Cut It Out!

In Chapter 1, I asked you to estimate how much money you need each month and how much you’d anticipate spending if you were no longer working. If you’re able to reduce your expenses, you can minimize the distance between you and your goals.

The easiest way to have lots of money is to keep what you earn. The less you spend, the more you have. Even something as simple as bringing a bag lunch or making your own coffee instead of buying a$7 latte can add up to big savings. If you don’t believe me, believe Benjamin Franklin, who said,“Beware of little expenses. A small leak will sink a great ship.”

Start by keeping a spending diary for a month. It’s not as hard as it sounds if you use your credit card for every purchase. Your credit card company most likely offers a report that will categorize your expenses. You can export that report and add details. Even if they don’t offer a report, you can download your statement and do the same thing. Find every item on the list that could possibly be eliminated. Add up those items and multiply by 12. That’s how much you can save in one year!

Years ago, I went out of town for a month and forgot to pay my cable bill. When it arrived the following month with a double payment due, I realized that I was shelling out almost $200 and I hadn’t watched TV once during that time. So I cancelled cable and became a member of The Coolidge Corner Theatre in Brookline. For $200 a year, I get free movies Monday through Thursday, plus free popcorn. Now I can see first-run movies, have a free night out with popcorn, and support a great local venue all while saving $1000 a year!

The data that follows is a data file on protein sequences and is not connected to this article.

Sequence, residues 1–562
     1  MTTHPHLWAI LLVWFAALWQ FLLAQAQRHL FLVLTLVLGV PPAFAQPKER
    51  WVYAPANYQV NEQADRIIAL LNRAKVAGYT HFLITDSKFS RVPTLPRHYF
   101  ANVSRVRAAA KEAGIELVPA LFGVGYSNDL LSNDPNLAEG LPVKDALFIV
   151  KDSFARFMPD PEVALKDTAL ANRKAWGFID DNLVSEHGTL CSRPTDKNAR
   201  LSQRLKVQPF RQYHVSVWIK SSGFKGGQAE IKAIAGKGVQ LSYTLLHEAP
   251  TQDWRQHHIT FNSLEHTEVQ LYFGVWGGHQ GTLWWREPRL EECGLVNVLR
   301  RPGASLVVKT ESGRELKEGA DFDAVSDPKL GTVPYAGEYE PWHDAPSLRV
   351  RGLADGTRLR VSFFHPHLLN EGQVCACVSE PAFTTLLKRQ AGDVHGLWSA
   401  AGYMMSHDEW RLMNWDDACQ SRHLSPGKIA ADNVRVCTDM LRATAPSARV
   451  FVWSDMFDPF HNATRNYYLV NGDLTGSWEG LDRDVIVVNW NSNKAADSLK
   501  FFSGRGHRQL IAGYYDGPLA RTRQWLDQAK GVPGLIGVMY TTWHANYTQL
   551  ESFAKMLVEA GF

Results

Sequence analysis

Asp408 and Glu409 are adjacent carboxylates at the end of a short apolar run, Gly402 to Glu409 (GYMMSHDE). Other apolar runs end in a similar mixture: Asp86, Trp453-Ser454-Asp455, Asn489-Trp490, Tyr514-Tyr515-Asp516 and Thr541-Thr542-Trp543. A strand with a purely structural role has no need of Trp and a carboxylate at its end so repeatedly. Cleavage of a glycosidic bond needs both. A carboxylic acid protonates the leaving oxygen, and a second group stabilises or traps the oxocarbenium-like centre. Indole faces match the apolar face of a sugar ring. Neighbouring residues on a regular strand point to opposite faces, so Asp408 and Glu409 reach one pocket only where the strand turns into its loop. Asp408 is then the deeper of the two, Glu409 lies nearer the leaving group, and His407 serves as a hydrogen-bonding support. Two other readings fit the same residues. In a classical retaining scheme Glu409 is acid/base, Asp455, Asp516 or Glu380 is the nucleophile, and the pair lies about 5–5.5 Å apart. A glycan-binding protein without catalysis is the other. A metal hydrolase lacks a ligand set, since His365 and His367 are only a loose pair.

Be creative about cutting things from your budget. Make it a fun challenge and see what you can substitute that will save money while enriching your life.

As you eliminate the expenses, keep putting out the money. If you give up lunch, put the $15 a day that you would have spent into a special account. Add the $7 for your latte and the cigarette money that you saved by quitting. Add to that the $50 per month you saved by doing your own manicures and the $100 per month you saved by cancelling your cable TV. The thousands of dollars that you save can become your downpayment for a property that will support you into old age. I promise that the excitement of pursuing that goal will outweigh the minor inconveniences of the things you’re trimming out of your budget.

It’s fun and challenging to find new ways to save. Discount travel, free cultural concerts, shows, and movies, volunteering at your community theater in exchange for free admission—these are fun ways to save money that will introduce you to interesting people, new activities, and adventures. What creative ideas can you conceive?